Personal Protective Equipment (Practicals):
    Laboratory Coat
    Safety Glasses
    Recommended Resources
    TextBook:
    Campbell Biology 11e (Australian & NZ Edition)
    Hardcopy and/or electronic copy

    Mobile Device:
    An internet capable mobile device (eg phone, tablet, laptop etc) will allow realtime participation in lectures and workshops.

    MyUni:
    Course resources as provided including video/audio recording of lectures and copies of PowerPoint slides, as well as additional reading/recommended texts.

    Weblinks:
    As specified during the course
    Online Learning
    Available on MyUni:
    Links to Mastering Biology for self-directed learning modules and summative/formative Multiple Choice Questions (MCQs)
    Video introduction to the practicals and preparation quizzes for practicals

  • Learning & Teaching Activities
    Learning & Teaching Modes
    This course will be delivered by the following means:
    2 x 1 hour "Lectorials" per week
    10 x 1 hour workshops per Semester
    4 x 3 hour practicals per Semester

    Workload

    The information below is provided as a guide to assist students in engaging appropriately with the course requirements.

    Contact Hours (47 hours)
    Lectures 22 x 1 = 22 hours
    Workshops 10 x 1 = 10 hours
    Practicals 4 x 3 = 12 hours
    Exam 1 x 3 hours = 3 hours.

    Non-contact Hours (89 hours)
    Weekly reading/other study 3 hours per week = 36 hours
    Preparation for Workshops 1 hour per workshop = 10 hours
    Preparation for Practicals 2 hours per practical = 8 hours
    Preparation for Tests = 10 hours
    Preparation of Practical assessment = 10 hours
    Exam preparation= 15 hours

    Total = approximately 146 hours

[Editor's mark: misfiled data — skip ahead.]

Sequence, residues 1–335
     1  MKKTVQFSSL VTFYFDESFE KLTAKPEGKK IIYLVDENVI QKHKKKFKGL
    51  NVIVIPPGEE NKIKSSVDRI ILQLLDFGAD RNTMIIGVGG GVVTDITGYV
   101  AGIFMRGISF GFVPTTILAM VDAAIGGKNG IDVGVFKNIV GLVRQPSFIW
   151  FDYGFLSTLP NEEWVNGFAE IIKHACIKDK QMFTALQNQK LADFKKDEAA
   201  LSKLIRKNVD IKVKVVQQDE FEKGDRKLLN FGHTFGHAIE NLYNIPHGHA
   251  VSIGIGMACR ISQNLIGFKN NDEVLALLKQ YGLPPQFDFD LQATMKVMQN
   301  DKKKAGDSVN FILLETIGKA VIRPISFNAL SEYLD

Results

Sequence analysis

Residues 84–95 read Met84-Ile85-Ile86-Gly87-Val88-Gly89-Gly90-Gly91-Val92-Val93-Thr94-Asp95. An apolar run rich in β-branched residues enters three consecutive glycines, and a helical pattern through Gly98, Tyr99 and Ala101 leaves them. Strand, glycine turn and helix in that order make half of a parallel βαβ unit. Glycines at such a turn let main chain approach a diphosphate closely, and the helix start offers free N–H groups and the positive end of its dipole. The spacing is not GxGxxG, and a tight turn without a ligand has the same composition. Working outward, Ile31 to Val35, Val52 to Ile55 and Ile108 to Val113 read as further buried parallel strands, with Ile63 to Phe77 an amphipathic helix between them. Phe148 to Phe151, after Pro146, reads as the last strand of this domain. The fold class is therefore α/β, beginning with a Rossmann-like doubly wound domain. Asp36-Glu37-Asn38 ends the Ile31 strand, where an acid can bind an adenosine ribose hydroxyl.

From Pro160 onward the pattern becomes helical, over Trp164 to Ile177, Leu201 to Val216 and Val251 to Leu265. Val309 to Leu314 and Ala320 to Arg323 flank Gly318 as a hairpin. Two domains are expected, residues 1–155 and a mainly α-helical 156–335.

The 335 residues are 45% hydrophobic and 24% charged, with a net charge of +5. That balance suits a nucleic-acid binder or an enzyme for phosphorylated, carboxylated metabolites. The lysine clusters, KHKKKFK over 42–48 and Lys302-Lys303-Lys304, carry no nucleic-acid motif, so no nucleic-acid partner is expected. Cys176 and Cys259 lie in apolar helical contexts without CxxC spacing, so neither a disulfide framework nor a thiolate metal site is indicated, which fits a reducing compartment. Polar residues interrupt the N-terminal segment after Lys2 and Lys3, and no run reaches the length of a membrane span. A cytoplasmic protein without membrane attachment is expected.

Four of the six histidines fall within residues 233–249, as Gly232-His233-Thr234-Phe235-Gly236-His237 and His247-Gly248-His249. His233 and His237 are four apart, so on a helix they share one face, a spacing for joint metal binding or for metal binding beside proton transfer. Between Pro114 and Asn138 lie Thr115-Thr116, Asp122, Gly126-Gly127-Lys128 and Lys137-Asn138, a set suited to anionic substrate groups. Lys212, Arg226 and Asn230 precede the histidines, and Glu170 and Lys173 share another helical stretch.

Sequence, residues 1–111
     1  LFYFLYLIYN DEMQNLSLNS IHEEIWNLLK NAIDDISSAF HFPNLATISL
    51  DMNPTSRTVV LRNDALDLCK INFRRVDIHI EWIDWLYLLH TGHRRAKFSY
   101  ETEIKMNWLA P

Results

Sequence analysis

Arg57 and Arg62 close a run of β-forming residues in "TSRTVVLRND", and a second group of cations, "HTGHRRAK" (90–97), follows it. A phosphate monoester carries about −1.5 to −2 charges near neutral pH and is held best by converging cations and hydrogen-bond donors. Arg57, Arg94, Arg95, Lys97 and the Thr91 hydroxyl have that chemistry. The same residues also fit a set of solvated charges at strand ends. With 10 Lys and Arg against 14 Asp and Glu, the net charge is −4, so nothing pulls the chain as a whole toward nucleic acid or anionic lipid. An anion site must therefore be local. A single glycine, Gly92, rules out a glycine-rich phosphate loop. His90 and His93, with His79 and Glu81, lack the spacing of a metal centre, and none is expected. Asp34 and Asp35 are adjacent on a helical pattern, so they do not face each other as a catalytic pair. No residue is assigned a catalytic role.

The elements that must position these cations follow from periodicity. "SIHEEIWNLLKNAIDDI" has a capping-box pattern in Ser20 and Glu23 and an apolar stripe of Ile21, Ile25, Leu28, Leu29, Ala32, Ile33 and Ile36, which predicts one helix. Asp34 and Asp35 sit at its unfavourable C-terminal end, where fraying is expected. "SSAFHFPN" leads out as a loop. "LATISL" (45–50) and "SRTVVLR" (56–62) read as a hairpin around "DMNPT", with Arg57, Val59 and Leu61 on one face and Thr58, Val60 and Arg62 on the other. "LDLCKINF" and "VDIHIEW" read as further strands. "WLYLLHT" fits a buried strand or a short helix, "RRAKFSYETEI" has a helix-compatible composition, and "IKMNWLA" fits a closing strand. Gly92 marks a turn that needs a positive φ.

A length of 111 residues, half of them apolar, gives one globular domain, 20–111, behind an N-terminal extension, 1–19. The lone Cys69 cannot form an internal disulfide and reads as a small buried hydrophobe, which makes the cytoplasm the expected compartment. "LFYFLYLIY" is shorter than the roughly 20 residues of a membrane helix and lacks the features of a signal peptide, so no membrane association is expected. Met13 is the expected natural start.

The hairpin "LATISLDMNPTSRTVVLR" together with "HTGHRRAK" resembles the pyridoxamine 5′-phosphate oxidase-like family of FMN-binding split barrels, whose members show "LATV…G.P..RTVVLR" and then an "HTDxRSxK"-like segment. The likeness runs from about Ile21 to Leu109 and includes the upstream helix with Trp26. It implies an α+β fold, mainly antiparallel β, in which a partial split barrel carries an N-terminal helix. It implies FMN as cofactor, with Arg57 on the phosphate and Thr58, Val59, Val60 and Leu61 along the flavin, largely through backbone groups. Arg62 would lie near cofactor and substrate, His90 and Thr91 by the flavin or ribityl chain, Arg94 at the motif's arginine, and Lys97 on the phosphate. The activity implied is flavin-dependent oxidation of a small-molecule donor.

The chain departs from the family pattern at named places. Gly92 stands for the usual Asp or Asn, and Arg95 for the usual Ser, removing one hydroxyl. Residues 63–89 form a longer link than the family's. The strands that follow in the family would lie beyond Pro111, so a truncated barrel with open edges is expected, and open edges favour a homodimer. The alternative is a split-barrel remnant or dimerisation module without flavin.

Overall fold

Learning Activities Summary
    The topics covered in the course (and supported by the tutorials, workshops, textbook and online resources) are as follows:
    • Lectures 1-2: Biology from the ecosystem through to the cellular.
    • Lectures 3-4: The central role of evolution in biology and its impact on populations.
    • Lectures 5-6: The characteristics of animals, highlighting their diversity.
    • Lectures 7-8: The characteristics of plants, highlighting their diversity.
    • Lctures 9-11: Cell biology, including lipid membranes and organelles, cell division and a comparison of prokaryotes and eukaryotes.
    • Lectures 12-17: Cellular metabolism and the transformation of energy.
    • Lectures 18-22: The flow of genetic information within the cell leading to inheritance and sexual reproduction.
  • Assessment

    The University's policy on Assessment for Coursework Programs is based on the following four principles:

    1. Assessment must encourage and reinforce learning.
    2. Assessment must enable robust and fair judgements about student performance.
    3. Assessment practices must be fair and equitable to students and give them the opportunity to demonstrate what they have learned.
    4. Assessment must maintain academic standards.

    Assessment Summary
    Assessment TaskTask TypeDueWeightingLearning Outcome
    End of Semester Theory Examination Summative In examination period 30-60% 1-6
    Redeemable Tests (x2) Summative Weeks 5, 9 & 12 0-30% 1-6
    Online modules/quizzes Formative and Summative available during  semester 15%  1-6
    Workshop Assessment Formative and summative Weekly throughout semester 5% 1-6
    Practical Assessment Formative and Summative Fortnightly throughout semester 20% 1-7
    Assessment Detail

    End of Semester Theory Examination

    30-60%

    The examination will be divided into three sections:

    A. compulsory section consisting of short answer questions (30%)

    B. optional section consisting of multiple choice questions

        (potentially 10% if used to redeem Workshop test 1)